"performed by the Italian puppet showman Pietro Gimonde from Bologna, otherwise known as Signor Bologna: 'Thence to see an Italian puppet play that is within the rayles there, which is very pretty, the best that ever I saw, and a great resort of gallants.'

Punch & Judy by Thomas Rowlandson (1756-1827)

"Bologna was one of many entertainers who came to England from the continent following the restoration of the monarchy in 1660. Unlike today’s Punch & Judy, performed with glove puppets in canvas booths with the audience outside, Bologna used marionettes -- puppets with rods to their heads and strings or wires to their limbs – and performed within a transportable wooden shed, and as such would have been quite a novelty. Pepys was so delighted by the show that he brought his wife to see it two weeks later, and in October 1662 Bologna was honoured with a royal command performance by Charles II at Whitehall, where a stage measuring 20ft by 18ft was set up for him in the Queen’s Guard Chamber. The king rewarded ‘Signor Bologna, alias Pollicinella’ with a gold chain and medal, a gift worth £25 then, or about £3,000 today. Other Italian puppeteers appeared in London, and on 10 November 1662 Pepys took his wife to see another show in a booth at Charing Cross performing: 'the Italian motion, much after the nature of what I showed her at Covent Garden.'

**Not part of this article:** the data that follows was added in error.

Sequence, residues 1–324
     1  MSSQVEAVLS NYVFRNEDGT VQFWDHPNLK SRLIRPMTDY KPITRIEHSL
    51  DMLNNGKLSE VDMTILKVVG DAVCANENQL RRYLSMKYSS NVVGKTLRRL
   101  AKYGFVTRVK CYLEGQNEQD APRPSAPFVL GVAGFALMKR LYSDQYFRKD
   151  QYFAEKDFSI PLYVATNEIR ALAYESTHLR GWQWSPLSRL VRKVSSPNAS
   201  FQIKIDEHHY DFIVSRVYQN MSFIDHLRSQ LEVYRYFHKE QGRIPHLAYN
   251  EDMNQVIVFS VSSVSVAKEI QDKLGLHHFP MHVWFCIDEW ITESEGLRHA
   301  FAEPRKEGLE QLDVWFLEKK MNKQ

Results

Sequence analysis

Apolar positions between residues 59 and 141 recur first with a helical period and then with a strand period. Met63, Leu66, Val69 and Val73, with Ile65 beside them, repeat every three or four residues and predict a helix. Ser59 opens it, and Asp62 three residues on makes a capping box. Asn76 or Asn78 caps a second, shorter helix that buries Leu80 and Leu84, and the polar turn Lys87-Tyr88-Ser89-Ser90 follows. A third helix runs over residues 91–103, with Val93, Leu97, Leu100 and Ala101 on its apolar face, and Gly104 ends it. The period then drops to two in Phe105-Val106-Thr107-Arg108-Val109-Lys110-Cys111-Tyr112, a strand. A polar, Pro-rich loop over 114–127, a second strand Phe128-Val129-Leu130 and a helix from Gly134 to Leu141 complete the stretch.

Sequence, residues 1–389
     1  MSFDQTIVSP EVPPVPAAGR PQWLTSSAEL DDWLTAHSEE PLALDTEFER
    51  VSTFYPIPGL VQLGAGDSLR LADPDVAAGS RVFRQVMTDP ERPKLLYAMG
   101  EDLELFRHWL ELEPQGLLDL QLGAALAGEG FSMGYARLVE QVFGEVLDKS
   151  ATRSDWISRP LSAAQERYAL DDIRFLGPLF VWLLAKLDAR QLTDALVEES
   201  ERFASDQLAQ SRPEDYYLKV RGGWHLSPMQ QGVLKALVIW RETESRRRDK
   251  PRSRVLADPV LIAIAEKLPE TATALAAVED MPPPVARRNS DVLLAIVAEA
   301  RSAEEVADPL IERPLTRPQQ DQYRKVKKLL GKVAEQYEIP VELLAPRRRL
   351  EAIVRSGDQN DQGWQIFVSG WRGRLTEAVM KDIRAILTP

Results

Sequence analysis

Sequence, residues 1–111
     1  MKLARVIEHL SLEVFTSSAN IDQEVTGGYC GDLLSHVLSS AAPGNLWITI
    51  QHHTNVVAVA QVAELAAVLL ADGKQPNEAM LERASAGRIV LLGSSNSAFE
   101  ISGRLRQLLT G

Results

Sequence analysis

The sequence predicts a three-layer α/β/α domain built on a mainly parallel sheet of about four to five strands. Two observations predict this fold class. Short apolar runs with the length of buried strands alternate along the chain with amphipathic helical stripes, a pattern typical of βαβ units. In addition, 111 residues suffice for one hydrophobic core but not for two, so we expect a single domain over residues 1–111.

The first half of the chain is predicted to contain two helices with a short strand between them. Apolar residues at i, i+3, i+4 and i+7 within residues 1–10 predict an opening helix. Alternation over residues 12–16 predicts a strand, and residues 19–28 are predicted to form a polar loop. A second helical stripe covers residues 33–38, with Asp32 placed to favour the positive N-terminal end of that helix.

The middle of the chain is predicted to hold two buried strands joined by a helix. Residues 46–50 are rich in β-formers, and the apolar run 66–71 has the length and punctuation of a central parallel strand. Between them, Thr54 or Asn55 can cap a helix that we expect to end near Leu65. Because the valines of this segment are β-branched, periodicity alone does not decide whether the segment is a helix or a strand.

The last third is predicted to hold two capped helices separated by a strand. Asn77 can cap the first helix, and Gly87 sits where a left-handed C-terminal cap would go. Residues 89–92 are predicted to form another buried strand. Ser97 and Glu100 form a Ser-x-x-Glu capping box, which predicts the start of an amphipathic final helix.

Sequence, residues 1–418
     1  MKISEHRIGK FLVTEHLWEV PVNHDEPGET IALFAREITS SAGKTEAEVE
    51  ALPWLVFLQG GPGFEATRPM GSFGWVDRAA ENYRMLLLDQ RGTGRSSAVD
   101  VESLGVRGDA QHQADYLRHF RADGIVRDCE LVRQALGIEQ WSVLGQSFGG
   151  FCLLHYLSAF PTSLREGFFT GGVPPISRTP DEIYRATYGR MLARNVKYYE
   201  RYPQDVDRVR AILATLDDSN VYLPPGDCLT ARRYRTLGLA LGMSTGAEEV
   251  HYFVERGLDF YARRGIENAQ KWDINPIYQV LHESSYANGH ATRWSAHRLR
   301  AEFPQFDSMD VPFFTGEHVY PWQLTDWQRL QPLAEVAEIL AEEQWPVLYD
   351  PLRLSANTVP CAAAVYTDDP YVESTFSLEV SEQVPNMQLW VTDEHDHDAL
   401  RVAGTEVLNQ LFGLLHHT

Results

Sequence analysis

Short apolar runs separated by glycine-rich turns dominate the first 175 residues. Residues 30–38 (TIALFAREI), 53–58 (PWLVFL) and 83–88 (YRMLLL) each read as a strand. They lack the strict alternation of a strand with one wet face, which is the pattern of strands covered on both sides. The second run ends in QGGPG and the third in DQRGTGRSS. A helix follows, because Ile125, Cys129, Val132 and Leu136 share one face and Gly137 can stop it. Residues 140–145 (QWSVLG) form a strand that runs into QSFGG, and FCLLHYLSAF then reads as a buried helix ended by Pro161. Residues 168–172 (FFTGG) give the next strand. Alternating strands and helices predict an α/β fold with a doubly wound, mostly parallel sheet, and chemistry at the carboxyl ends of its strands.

Punch & Judy by George Cruickshank (1792- 1878)

"Pepys usually referred to the shows as Polichinello, a name relating to Punch’s roots in the Italian Commedia dell’Arte, where masked actors improvised comic knockabout plays around a number of stock characters, and Polichinello was the subversive, thuggish character whose Italian name Pulcinella or Pulliciniello may have developed from the word pulcino, or chicken, referring to the character’s beak-like mask and squeaky voice.

Commedia puppets